But sadly, it’s not just When We Rise. When bisexual people do see themselves on screen, in the media or in LGBTQ community histories, stereotypes and stigma abound. We are portrayed as promiscuous, unstable, looking for attention, or greedy — that is if our identities are even taken seriously.

Bisexuality is real. Biphobia is real too, and so are its consequences.

Bisexual actress Sara Ramirez, who has also called out the bi erasure in When We Rise, recently criticized the ABC show The Real O’Neals, for example, after the show featured a “joke” comparing bisexuality to having “webbed toes” or “money problems.”

“[The showrunners] do not seem to understand that the joke feeds biases — some unconscious, some outward, some internalized — against bisexuality from within and outside of the LGBTQ community,” said Ramirez in a statement on Twitter.

Callie Torres, the Grey’s Anatomy character Ramirez played for many seasons, is one of the only self-identified bisexual characters in network television history that wasn’t hugely problematic, and she is no longer on the show.

I wrote recently on my own experiences with biphobia and the profound lack of bi+ inclusion within mainstream LGBTQ organizations and community groups. The number of bi+ people who have reached out to me privately and on social media to thank me for putting their experiences into words is a staggering testament to the extent to which bi+ people are stigmatized, excluded, and rendered invisible in a movement we helped create.

Even after marriage equality has been achieved and stigma against gay men and lesbians has declined, bisexual adults and youth have so few aspirational figures with whom they can identify.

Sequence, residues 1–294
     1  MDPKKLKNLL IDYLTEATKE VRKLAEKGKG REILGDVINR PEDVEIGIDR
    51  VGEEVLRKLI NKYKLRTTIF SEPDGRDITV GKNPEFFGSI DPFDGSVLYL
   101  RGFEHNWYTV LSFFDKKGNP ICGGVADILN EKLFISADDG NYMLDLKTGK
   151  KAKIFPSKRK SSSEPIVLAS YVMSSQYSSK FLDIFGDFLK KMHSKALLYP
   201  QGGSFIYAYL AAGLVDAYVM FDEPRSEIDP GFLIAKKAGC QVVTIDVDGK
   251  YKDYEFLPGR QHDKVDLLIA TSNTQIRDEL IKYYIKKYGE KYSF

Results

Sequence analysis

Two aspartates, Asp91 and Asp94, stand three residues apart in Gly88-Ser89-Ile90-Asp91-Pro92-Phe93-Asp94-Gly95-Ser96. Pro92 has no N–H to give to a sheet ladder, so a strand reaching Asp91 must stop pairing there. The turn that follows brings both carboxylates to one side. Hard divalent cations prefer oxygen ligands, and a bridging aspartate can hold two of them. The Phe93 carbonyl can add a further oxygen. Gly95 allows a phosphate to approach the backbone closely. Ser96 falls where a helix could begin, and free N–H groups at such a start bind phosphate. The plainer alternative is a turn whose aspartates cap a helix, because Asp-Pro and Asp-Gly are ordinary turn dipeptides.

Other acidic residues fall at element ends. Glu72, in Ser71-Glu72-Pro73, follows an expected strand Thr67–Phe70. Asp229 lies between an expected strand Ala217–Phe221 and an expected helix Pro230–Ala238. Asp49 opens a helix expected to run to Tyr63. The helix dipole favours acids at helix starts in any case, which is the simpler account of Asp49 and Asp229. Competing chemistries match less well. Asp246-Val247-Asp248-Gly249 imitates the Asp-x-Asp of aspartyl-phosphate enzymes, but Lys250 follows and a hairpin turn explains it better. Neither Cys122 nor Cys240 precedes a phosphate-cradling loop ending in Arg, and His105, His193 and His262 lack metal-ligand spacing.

Terms like “bi erasure” and “biphobia” aren’t just buzzwords from a whiny fringe of the LGBTQ community; they describe the everyday existence of half of the LGBTQ community, that is, when bi+ people are allowed to assert our existence at all.

Bisexuality is real. Biphobia is real too, and so are its consequences.

Compared to peers who identify as gay or lesbian, bi+ youth and adults report higher levels of mental illness and suicidality, and lower levels of social support; bisexual youth report higher rates of bullying and harassment; and bisexual people face disproportionately high rates of intimate partner violence, sexual assault, and stalking.

We’re also more likely than gay men and lesbians to experience job discrimination, live in poverty, and be afraid to come out to healthcare providers, which leads to staggering health disparities.

Bi+ people deserve and have more than earned representation, visibility, survival, acceptance, inclusion, the ability to live and love openly in the world and not be marginalized or victimized for it — all the things that the LGBTQ community has been fighting to achieve for so long.

We deserve to be seen, and we have fought for the right to have our contributions to the world and to the LGBTQ community acknowledged.

Beth Sherouse is a writer and activist based in Atlanta.